“Liberals must play an active part in politics and put down markers before others do.” So Andreas Schmid, chairman of Avenir Suisse’s foundation board, welcomed the many friends and sponsors gathered for this year’s meeting at Fifa’s Sonnenberg Convention Center in Zurich.
The choice of venue was not fortuitous. As Gerhard Schwarz, Avenir Suisse’s director, put it in his welcoming remarks, resident international bodies, like the world football federation, bring Switzerland enormous economic and foreign policy benefits.
Tibère Adler, Avenir Suisse’s new director for French speaking Switzerland, set the scene for discussion about the political and economic role of international organisations with some impressive figures. Switzerland hosts 35 international organisations, 69 international sports federations and – in Geneva alone – more than 250 international Non Governmental Organisations. The international organisations now account for 25,500 employees. Every year, some 3.000 heads of government and ministers come to Geneva, along with almost 200,000 delegates and experts, to participate in one or other of the 3,000 international conferences held there.
“Geneva is Davos, but on a daily basis”, quipped a Swiss diplomat once. That’s still the case today, but the challenges facing the sector have risen: high living costs, the overvalued Swiss franc and the growing ambition of other regions – especially Asia – have all risen massively, piling competitive pressures on Switzerland as a base for international organisations.
Public opinion counts
Michael Møller of the UN made no bones about the mounting outside threats. One big problem was the media’s and public’s limited knowledge about the work done by international organisations. He even wondered occasionally about how little UN Headquarters in New York knew about Geneva’s significance. But even if China has built a “UN City” near Beijing, Switzerland, especially Geneva, would remain a key hub. Many negotiations would still take place here (in the best diplomatic tradition), well away from the public eye, with Switzerland’s political neutrality continuing to play a central role.
Switzerland, in contrast to some other places, had no “hidden agenda”, helping to build trust among foreign negotiators and to find solutions. All things considered, with its “identity of peace”, the country offered good value for money and a thoroughly reasonable headquarters location in the boarder perspective.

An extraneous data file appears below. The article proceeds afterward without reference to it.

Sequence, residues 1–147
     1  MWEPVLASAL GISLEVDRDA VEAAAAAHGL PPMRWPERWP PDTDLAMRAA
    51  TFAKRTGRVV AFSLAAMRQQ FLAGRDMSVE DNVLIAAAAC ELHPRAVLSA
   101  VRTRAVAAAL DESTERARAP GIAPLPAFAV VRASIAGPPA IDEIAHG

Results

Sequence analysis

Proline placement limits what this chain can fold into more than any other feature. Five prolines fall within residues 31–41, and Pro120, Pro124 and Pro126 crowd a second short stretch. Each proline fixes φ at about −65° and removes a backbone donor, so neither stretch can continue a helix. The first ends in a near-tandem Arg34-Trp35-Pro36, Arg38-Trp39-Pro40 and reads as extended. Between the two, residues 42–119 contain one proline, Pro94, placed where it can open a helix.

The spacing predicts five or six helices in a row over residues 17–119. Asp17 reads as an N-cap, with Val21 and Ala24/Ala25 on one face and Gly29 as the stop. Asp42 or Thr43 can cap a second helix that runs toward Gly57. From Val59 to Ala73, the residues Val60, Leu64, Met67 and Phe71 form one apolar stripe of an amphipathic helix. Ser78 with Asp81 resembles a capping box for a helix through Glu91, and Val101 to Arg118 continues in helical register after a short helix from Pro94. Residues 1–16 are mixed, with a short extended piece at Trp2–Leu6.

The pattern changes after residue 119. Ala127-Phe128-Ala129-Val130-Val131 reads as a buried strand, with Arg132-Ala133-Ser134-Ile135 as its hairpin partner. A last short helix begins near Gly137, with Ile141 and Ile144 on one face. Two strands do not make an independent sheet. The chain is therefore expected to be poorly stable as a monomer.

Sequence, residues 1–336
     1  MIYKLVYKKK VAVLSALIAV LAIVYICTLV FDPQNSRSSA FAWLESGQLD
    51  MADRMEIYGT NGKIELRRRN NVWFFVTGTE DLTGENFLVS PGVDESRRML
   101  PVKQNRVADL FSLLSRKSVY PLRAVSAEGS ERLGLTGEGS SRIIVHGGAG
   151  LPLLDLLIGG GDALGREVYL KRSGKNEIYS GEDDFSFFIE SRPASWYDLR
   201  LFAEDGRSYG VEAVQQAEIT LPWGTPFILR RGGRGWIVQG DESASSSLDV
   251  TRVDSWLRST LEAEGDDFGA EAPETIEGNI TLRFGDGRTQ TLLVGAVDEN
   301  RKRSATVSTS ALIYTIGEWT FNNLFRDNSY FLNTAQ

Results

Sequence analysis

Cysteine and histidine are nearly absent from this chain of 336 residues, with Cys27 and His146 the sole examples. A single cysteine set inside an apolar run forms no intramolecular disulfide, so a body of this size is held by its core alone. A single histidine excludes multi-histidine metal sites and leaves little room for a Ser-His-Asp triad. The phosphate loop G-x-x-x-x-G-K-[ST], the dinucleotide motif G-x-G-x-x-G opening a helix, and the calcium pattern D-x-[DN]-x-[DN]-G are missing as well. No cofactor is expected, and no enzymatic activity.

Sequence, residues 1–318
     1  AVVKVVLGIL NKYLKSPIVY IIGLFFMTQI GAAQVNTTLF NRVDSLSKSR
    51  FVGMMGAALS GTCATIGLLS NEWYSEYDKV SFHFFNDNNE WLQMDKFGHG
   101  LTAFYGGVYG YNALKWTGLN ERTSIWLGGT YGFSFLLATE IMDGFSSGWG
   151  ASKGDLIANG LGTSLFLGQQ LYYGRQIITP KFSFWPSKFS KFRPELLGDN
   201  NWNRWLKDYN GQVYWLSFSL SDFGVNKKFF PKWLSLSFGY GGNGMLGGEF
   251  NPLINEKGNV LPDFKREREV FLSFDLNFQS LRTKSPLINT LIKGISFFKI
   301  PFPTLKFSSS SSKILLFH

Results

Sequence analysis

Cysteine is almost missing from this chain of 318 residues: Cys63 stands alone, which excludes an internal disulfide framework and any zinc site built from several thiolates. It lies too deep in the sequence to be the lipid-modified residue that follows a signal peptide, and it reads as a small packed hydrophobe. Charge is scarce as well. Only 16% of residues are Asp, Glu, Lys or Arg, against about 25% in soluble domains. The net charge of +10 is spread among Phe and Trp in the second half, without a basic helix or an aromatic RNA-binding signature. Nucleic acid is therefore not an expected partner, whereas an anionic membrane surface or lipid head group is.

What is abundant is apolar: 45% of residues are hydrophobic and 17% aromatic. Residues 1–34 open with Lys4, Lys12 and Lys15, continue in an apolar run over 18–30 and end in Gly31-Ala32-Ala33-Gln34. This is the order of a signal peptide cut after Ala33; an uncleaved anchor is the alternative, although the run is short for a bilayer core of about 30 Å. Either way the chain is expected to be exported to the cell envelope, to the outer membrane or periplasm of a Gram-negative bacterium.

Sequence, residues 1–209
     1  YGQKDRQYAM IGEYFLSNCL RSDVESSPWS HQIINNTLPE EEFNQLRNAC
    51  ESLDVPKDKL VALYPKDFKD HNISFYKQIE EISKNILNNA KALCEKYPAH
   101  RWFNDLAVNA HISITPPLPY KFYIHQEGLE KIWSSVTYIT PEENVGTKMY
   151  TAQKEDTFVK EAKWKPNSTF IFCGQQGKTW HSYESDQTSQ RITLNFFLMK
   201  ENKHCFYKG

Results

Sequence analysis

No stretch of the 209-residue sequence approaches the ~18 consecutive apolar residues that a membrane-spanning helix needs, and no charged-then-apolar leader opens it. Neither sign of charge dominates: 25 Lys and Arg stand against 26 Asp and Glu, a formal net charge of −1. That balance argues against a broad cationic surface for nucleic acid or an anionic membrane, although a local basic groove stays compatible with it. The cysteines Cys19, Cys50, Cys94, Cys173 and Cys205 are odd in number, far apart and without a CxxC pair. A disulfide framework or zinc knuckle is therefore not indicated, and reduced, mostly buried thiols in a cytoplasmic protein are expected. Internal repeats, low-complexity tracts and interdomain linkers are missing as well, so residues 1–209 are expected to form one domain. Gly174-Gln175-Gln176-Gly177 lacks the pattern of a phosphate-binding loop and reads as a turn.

That Swiss citizens should question the domestic value of organisations was legitimate. That obliged the organisations themselves to make a better job of disseminating their message. “We need to become more relevant to people”, he acknowledged. The world was beset by enormous challenges; intervention in crisis areas devoured huge sums. The impact of massive budget cuts at the World Health Organisation was, sadly, becoming only now evident in its more limited room for manoeuvre in the Ebola crisis.
Peter Maurer, the ICRC president, opened by noting it was the first time in his 28 year career he’d ever participated in a Zurich event about Geneva’s international role. ((Switzerland’s biggest and second biggest cities by population are often presented as commercial and cultural rivals, not least because of their language differences, ed))
Generally speaking, Geneva’s special situation as a home to international bodies seldom played a significant role in Switzerland’s domestic economic policy debate. Discussion, when it occurred, tended to be limited to the infrastructure costs incurred. What was all too often forgotten, he noted, was that it was by no means self evident that international organisations should be based in Geneva at all.
Maurer called on Swiss politicians to make more of the “Swiss” brand, which contained great value. In the same breath, he suggested Avenir Suisse should conduct a cost-benefit analysis of international organisations. The ICRC, like some others, would in future shift additional administrative functions out of Switzerland to cheaper locations. But there were still plenty of new opportunities for Geneva to attract others. He saw chances in so called “know how transfers” between companies and universities (Public Private Partnerships) and in bulking up as a centre for civil society in a politically unstable world. Maurer even asked whether it might not be possible to “internationalise” Geneva in much the same way as Klaus Schwab had done with the World Economic Forum ((the WEF, best known for its annual Davos conference, was created by Prof Schwab and is based in Geneva, ed)).
A European “Bay Area”
Jovan Kurbalija, director of “Geneva Internet Platform”, left no doubts about his faith in the city’s potential. He argued it could become a European “Bay Area”, alluding to the Californian technology hub. Three factors had prompted the San Francisco area’s rise: the security and protection of intellectual property; innovation and proximity to universities; and investment. After the revelations by former US computer whizz Edward Snowden, the internet sector’s focus was now shifting towards data protection. That represented a big opportunity for both Geneva and Switzerland as a whole. The fact that the country could look back on 200 years of peace counted a lot for companies.
Most speakers from the audience agreed Switzerland should step up and improve its efforts to attract international organisations. Such statements could indeed be taken as marketing for Switzerland’s international-mindedness, reckoned Gerhard Schwarz in his closing remarks That had indeed been the intention, given the choice of subject and discussants. But, just as good ads can contain useful information, so it could be said that Avenir’s Suisse’s discussion had been a good advertisement too.